David Cooke, Economist (503) 947-1272
Oregon’s Unemployment Rate at 8.5 Percent in April, as Payroll Employment Grows by 2,300
Oregon’s seasonally adjusted unemployment rate was 8.5 percent in April, essentially unchanged from 8.6 percent in March. Oregon’s unemployment rate dropped from 9.5 percent in April 2011. Meanwhile, the U.S. seasonally adjusted unemployment rate was 8.1 percent in April and 8.2 percent in March.
Industry Payroll Employment (Establishment Survey Data)
Oregon’s seasonally adjusted nonfarm payroll employment rose by 2,300 in April. The March figure was revised upward to show a gain of 1,200 jobs, rather than the loss of 300 that was originally reported.
In April, two of the major industries posted large seasonally adjusted job gains: construction (+1,700 jobs) and professional and business services (+1,700). These gains were partially offset by declines in trade, transportation, and utilities (-1,200 jobs) and educational and health services (-1,000).
Construction added 3,800 jobs when a gain of only 2,100 is the normal seasonal pattern in April. These gains followed weak employment trends in February and March.
Seasonally adjusted employment in construction, at 70,100 jobs in April, was very close to its January reading of 70,300. Since April 2011, this measure of construction employment is up by 1,400 jobs, or 2.0 percent.
Professional and business services added 2,900 jobs in April at a time of year when a gain of only 1,200 is the norm. Recent employment trends in this large industry were nearly flat for over a year. This uptick in April put the industry about even with its year-ago figure. Since April 2011, professional and technical services, which includes legal, architectural, engineering, and computer systems design services, was up 2,200 jobs. Countering these gains was administrative and waste services, which has cut 2,300 jobs over the past 12 months.
Trade transportation and utilities added only 500 jobs in April, when a gain of 1,700 was expected. Retail trade performed exactly as expected for the month by adding 1,600 jobs. Retail gains were seen in building material and garden supply stores, which added 400 jobs, and in food and beverage stores, which also added 400. Retail has been expanding gradually over the past two years, but is still well off its all time high reached in late 2007.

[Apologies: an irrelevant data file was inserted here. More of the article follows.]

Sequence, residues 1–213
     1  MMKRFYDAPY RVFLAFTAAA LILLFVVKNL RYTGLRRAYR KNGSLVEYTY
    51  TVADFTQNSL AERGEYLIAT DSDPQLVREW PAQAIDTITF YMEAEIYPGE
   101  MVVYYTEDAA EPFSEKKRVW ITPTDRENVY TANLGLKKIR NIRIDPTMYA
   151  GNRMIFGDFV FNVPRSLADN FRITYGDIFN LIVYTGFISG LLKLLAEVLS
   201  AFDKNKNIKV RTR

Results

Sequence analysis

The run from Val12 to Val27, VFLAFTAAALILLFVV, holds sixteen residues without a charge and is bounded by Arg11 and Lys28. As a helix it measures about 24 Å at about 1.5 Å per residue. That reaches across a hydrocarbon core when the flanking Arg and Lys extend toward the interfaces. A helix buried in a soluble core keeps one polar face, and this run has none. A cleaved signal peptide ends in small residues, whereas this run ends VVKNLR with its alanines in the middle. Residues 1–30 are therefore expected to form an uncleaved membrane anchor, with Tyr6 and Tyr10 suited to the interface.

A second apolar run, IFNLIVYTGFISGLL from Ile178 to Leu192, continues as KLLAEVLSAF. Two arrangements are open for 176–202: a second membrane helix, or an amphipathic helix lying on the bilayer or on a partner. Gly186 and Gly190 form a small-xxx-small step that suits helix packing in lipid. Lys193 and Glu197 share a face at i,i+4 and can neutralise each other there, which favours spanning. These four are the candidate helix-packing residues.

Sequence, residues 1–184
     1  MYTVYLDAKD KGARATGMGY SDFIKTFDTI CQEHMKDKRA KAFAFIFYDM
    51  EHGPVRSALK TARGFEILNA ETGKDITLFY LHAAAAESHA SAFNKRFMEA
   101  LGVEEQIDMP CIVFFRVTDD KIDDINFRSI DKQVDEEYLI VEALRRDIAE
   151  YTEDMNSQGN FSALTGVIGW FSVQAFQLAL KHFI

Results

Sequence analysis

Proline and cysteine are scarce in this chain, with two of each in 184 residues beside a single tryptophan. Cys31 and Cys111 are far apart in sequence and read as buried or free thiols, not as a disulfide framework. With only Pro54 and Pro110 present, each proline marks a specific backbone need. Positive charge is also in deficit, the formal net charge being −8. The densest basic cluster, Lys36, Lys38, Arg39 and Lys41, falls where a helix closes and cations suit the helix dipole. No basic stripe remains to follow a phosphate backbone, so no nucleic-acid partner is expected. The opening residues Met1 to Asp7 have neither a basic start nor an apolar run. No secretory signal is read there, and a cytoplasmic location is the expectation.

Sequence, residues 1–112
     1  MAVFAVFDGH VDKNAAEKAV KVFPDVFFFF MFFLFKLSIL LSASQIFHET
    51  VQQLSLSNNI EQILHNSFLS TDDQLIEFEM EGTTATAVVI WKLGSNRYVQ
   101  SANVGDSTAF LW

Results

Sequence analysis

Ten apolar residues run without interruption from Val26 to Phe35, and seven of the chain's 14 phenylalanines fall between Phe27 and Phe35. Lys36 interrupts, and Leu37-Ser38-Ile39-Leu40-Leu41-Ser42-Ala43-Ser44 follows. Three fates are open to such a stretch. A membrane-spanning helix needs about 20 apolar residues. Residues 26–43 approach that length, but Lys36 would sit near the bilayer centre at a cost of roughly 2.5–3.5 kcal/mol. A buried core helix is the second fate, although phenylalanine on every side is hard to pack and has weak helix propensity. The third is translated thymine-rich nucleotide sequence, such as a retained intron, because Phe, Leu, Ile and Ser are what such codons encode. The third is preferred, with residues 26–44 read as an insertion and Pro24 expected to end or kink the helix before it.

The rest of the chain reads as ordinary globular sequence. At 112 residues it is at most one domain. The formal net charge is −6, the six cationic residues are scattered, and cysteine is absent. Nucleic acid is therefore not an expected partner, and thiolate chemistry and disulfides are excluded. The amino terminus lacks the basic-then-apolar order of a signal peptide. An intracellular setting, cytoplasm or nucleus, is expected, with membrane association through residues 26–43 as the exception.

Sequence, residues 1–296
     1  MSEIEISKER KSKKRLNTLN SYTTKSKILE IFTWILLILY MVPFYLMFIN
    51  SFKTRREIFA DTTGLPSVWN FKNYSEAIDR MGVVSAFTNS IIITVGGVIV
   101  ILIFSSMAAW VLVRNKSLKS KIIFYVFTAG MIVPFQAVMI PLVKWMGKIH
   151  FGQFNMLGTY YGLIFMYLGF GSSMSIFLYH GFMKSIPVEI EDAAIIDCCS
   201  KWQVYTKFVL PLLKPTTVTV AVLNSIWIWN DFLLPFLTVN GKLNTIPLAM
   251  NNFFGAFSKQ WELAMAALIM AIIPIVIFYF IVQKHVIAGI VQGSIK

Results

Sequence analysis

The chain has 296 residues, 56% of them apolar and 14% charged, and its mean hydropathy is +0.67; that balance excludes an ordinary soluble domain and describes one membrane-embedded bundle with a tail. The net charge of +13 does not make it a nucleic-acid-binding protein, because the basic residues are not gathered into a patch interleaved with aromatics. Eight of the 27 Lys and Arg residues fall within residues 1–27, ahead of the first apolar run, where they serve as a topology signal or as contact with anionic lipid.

Private-sector educational and health services declined on a seasonally adjusted basis for the third consecutive month. Private education declined in recent months following an unusually large spike upward at the end of 2011. Despite the recent pullback, the April seasonally adjusted figure of 34,200 puts education slightly above its rapid growth trend line experienced over most of the past 10 years.
Meanwhile, health care and social assistance has seen its employment peak and then flatten out over the past six months. In April, seasonally adjusted employment for this sector was 202,400, which is very close to its July 2011 level of 202,000. Social assistance is contributing to the flattening trend lately as it is down 400 over the past 12 months. Also, there have been news reports of at least one major hospital cutting employment since last summer.
Hours and Earnings
(Establishment Survey Data)
The average workweek for Oregon manufacturing production workers ticked up to 40.2 hours in April from 40.1 in March. In April 2011, the average workweek was slightly lower, at 39.6 hours per week. Over the longer term, this average workweek has been generally rising over the past three years.
Average earnings of all private-sector payroll employees in Oregon shot up to $766.26 per week in April. This was an increase of 4.5 percent from the April 2011 figure of $733.12 and was by far the highest average weekly earnings for this series dating back to its outset in 2007.
(Household Survey Data)
The national unemployment rate was 8.1 percent in April. Oregon’s rate was 8.5 percent. The difference between the Oregon and the U.S. unemployment rates was not statistically significant.
The latest figures indicate that Oregon’s seasonally adjusted unemployment rate has generally been on a declining trend for nearly three years, after reaching a high point of 11.6 percent in May and June 2009. At 8.5 percent in April, it has not been lower since November 2008, when Oregon’s rate was 8.4 percent.
In April, 168,679 Oregonians were unemployed. This is 17,876 fewer individuals than in April 2011 when 186,555 Oregonians were unemployed.
Next Press Releases
The Oregon Employment Department plans to release the April county and metropolitan area unemployment rates on Monday, May 21st and the statewide unemployment rate and employment survey data for May on Tuesday, June 12th.
For many years, monthly employment estimates for Oregon and its metropolitan areas were developed by Oregon Employment Department economists.
In March 2011, responsibility for the monthly employment estimates for Oregon and its metropolitan areas shifted to the U.S. Bureau of Labor Statistics (BLS). The estimates developed by BLS are more heavily dependent on the sample of businesses and less reliant on knowledge of local economic events. They are also likely to demonstrate increased month-to-month variability.
Comments or questions should be directed to Graham Slater, Administrator of the Oregon Employment Department's Workforce and Economic Research Division, at (503) 947-1212.
For the complete version of the news release, including tables and graphs, visit: www.QualityInfo.org/pressrelease
If you need this release in the Spanish language, please contact Loretta Gallegos at 503-947-1794.
For help finding jobs and training resources, visit one of the state's WorkSource Oregon Centers or go to: www.WorkSourceOregon.org
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